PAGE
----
Protect student journalists’ rights

New Voices bill must be passed upon reintroduction


Fired for defending constitutional rights. Quitting for fear of being punished. Forced to hide the truth from the public. In schools across Virginia, student journalists and their advisers are hindered by censorship and forced to present a false reality that harms schools and their surrounding communities.

Across student media platforms, school boards and administrations are able to act irresponsibly but are protected by Virginia law. They make students conform to their values at the cost of First Amendment rights.

Virginia House Bill 2382, known as the New Voices bill, provided measures to solve this issue but failed to make it out of committee. Similar legislation has been passed in over a dozen states. To protect both students and teachers, this legislation must be passed upon its reintroduction next year.

By exploiting Supreme Court precedents, school administrations can distort student media to portray their schools in a positive light. Student media advisers can be fired or reassigned for not supporting the agenda of administrators.

Current Marshall High School newspaper adviser Sam Hedenberg was dismissed from Mount Vernon High School in FCPS after fighting for his students’ right to publish a story in their school’s yearbook.

The journalists explored the life of a teen mom at the school and included photos of the pregnant student in their article. The story was challenged by administrators. For refusing to tell the staff to cut the article from the publication, Hedenberg was asked to leave.

“The biggest problem is when administrators go too far and start impressing their own social or political beliefs into their decisions,” Hedenberg said. “I’m a good person; I work hard; I know what I’m doing. [Had this legislation been put in place in 2016] it would have prevented my students and me from going through the heartache of hiring a lawyer to defend ourselves and our right to the truth.”

Censoring content like this threatens the public’s ability to obtain important information, a cornerstone of our democracy. As journalism does in any society, student media provides checks on school issues.

Investigative journalism at McLean has provided students with opportunities to learn the inner workings of our community and contact high profile officials. The Highlander’s reporting on vaping at McLean was featured on local news stations and alerted people to an epidemic sweeping through FCPS. Students have analyzed the effects national issues have at McLean, including transgender awareness, gun control and race issues.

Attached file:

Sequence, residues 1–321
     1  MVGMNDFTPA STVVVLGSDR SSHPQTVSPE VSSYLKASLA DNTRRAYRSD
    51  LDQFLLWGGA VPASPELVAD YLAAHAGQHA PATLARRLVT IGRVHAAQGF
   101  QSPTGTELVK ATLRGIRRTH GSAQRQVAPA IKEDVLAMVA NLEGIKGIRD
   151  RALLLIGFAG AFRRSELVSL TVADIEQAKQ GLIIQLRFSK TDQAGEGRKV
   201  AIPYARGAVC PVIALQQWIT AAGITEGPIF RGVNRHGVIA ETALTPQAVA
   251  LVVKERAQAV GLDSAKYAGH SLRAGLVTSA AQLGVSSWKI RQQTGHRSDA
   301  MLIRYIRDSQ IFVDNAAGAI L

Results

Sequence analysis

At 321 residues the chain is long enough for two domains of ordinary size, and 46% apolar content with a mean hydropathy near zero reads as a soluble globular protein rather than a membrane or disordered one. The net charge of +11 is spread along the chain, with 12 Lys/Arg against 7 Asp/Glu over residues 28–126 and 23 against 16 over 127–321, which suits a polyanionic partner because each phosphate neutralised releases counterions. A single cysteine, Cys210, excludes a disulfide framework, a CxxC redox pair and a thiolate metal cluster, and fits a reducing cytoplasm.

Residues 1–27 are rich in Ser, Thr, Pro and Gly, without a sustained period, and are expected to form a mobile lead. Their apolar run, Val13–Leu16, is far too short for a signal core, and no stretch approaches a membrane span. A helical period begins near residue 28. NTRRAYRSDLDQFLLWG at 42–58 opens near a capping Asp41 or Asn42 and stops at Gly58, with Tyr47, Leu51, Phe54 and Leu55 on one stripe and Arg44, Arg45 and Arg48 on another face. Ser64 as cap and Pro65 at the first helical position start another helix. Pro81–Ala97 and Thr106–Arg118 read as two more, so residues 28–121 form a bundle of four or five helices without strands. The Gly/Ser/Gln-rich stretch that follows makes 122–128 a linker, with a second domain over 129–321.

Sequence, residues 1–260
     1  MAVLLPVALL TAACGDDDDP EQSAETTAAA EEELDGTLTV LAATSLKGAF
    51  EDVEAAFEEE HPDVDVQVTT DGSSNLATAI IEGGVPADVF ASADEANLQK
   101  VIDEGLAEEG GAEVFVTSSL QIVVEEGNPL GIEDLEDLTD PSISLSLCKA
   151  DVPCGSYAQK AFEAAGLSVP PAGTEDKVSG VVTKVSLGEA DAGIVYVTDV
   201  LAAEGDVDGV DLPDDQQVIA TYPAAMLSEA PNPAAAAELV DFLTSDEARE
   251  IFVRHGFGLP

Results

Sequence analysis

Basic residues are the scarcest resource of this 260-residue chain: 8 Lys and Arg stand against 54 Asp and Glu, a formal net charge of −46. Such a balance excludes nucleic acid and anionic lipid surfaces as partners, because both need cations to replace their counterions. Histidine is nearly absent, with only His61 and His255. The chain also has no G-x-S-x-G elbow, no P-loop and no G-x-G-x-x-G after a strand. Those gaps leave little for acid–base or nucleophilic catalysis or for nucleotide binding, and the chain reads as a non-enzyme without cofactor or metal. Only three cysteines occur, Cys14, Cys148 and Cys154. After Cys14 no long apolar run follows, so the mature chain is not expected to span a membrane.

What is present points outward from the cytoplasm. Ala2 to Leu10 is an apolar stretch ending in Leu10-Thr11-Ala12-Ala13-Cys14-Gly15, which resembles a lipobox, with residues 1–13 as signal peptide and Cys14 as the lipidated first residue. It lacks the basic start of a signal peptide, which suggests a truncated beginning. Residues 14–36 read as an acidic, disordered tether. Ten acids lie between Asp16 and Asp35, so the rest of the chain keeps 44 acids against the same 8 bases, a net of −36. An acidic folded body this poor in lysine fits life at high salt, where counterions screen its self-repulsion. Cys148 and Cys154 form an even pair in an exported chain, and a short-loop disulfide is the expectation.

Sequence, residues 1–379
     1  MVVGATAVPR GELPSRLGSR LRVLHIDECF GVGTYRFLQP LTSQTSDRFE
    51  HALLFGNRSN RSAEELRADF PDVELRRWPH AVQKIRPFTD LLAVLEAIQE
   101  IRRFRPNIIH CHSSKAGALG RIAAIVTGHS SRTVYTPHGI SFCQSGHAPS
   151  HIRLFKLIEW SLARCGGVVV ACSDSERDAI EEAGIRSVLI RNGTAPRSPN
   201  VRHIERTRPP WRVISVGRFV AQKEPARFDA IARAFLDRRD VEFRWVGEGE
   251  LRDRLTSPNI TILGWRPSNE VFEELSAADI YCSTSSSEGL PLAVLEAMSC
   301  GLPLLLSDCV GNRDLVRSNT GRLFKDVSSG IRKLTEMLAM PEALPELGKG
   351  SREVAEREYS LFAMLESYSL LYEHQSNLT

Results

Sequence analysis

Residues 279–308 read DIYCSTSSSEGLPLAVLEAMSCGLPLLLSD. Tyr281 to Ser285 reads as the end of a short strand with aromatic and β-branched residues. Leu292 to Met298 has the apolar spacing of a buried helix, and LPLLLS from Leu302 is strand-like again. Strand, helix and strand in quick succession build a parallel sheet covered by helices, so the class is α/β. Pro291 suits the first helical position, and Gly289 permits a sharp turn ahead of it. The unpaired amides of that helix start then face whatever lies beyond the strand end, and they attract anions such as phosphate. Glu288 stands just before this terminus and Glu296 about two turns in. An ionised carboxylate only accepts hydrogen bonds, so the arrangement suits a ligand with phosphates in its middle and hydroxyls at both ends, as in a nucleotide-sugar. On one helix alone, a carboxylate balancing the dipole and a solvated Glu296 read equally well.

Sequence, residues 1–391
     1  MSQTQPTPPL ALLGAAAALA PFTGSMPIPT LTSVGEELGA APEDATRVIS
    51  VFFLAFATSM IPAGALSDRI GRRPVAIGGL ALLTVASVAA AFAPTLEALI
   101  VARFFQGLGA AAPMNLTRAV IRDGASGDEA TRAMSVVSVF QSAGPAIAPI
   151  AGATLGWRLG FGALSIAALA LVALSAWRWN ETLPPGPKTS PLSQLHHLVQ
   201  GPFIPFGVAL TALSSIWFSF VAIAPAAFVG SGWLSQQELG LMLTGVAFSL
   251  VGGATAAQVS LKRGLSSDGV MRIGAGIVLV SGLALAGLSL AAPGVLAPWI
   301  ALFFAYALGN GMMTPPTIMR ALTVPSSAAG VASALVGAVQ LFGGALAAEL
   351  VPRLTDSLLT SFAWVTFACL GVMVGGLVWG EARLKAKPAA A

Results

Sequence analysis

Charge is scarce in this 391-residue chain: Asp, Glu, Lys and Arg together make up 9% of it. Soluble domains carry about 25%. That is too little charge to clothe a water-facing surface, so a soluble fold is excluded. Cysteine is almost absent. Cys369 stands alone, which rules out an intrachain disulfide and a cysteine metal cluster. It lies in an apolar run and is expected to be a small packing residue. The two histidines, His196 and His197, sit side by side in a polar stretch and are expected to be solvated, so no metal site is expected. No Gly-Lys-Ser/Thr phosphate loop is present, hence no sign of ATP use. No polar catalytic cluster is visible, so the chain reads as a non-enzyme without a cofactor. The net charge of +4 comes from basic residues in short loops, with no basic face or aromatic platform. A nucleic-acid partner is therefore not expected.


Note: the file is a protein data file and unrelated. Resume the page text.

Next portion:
“It’s good to keep the public aware of things that are going on in their school,” said senior Matt Hutchison, McLean’s yearbook editor-in chief. “We’re very honest and open in how we report. We tend to cover a lot of the stories that wouldn’t have otherwise been covered.”

Globally, professional journalists reporting on key issues analogous with those covered by student media are in more danger than they have been in 10 years, according to The Guardian. Oppression of honest and relevant reporting is beginning in middle and high schools, hindering the growth of student journalists. By not supporting New Voices legislation, delegates and administrators stand for violence and the abolishment of democratic institutions around the world.

It is unjustifiable that students, who have not even entered the realm of professional journalism, already feel threatened because of their works’ content.
After the incident at Mount Vernon High School, staffers dropped out of their yearbook class for fear of getting in trouble. New Voices would eradicate such fears.

“The new bill [will] hopefully…increase the ability for young journalists to hone their craft and to decide whether or not they want to pursue [journalism] professionally or in college. That will be of a huge service to the Commonwealth,” Delegate Chris Hurst said in an interview with The Highlander. Hurst is a former journalist and was the chief patron of New Voices.

Education subcommittee members criticized New Voices for fostering the distribution of inappropriate content. But this claim ignores New Voice’s purpose. The bill’s goal is not to eradicate censorship but to place trust in advisers—paid experts in responsible and ethical journalism.

“If there are individual principals, administrators or school board members who had been onerous or egregious in their censorship in recent years, I think it would give them great pause as whether or not to continue that censorship into the future,” Hurst said.

Officials must overcome their fears of giving student journalists their First Amendment rights by passing this bill.

“[In Virginia] we empower students to learn how to work underneath cars… In college, we give them blow torches, and we give them lathes,” Hurst said. “So why should we be afraid of them having a pen?”

Contact your district delegate and tell them to support the New Voices legislation when it is reintroduced next year.